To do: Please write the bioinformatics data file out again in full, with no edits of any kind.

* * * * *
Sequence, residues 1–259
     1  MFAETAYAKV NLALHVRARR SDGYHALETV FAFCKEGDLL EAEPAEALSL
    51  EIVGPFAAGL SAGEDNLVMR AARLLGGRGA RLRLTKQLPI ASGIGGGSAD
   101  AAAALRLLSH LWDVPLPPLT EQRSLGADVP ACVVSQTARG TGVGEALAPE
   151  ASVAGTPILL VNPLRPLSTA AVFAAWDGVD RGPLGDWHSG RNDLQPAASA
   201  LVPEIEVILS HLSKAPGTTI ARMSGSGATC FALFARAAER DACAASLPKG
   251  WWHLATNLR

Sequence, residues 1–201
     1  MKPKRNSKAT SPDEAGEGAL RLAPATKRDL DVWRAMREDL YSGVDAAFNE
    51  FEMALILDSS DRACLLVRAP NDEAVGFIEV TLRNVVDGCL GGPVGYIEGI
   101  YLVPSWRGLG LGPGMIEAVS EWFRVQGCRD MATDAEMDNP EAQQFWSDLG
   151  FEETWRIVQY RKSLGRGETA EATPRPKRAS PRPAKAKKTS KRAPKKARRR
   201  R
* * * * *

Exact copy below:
Sequence, residues 1–259
     1  MFAETAYAKV NLALHVRARR SDGYHALETV FAFCKEGDLL EAEPAEALSL
    51  EIVGPFAAGL SAGEDNLVMR AARLLGGRGA RLRLTKQLPI ASGIGGGSAD
   101  AAAALRLLSH LWDVPLPPLT EQRSLGADVP ACVVSQTARG TGVGEALAPE
   151  ASVAGTPILL VNPLRPLSTA AVFAAWDGVD RGPLGDWHSG RNDLQPAASA
   201  LVPEIEVILS HLSKAPGTTI ARMSGSGATC FALFARAAER DACAASLPKG
   251  WWHLATNLR

Sequence, residues 1–201
     1  MKPKRNSKAT SPDEAGEGAL RLAPATKRDL DVWRAMREDL YSGVDAAFNE
    51  FEMALILDSS DRACLLVRAP NDEAVGFIEV TLRNVVDGCL GGPVGYIEGI
   101  YLVPSWRGLG LGPGMIEAVS EWFRVQGCRD MATDAEMDNP EAQQFWSDLG
   151  FEETWRIVQY RKSLGRGETA EATPRPKRAS PRPAKAKKTS KRAPKKARRR
   201  R